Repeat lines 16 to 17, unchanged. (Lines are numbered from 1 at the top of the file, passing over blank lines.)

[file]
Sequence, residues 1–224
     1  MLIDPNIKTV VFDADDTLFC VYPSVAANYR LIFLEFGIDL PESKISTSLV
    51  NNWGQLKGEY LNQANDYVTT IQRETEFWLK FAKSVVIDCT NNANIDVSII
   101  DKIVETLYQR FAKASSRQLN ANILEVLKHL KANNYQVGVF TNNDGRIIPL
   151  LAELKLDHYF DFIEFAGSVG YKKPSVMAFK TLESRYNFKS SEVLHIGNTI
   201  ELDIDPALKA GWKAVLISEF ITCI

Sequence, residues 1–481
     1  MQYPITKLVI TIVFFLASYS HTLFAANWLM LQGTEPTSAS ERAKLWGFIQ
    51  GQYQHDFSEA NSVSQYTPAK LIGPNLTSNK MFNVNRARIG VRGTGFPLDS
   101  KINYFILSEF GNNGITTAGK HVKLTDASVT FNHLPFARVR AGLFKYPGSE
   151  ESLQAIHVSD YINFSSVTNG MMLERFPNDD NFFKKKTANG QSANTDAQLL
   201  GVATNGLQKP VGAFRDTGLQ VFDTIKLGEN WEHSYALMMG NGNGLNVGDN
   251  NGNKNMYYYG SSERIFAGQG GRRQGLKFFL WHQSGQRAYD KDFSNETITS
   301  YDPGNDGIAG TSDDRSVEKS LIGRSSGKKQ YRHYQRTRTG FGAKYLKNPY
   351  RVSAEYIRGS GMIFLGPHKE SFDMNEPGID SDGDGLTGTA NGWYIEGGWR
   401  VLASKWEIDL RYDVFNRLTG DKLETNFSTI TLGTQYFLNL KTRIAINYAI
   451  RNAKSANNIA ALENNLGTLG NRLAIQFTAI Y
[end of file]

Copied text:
   401  VLASKWEIDL RYDVFNRLTG DKLETNFSTI TLGTQYFLNL KTRIAINYAI
   451  RNAKSANNIA ALENNLGTLG NRLAIQFTAI Y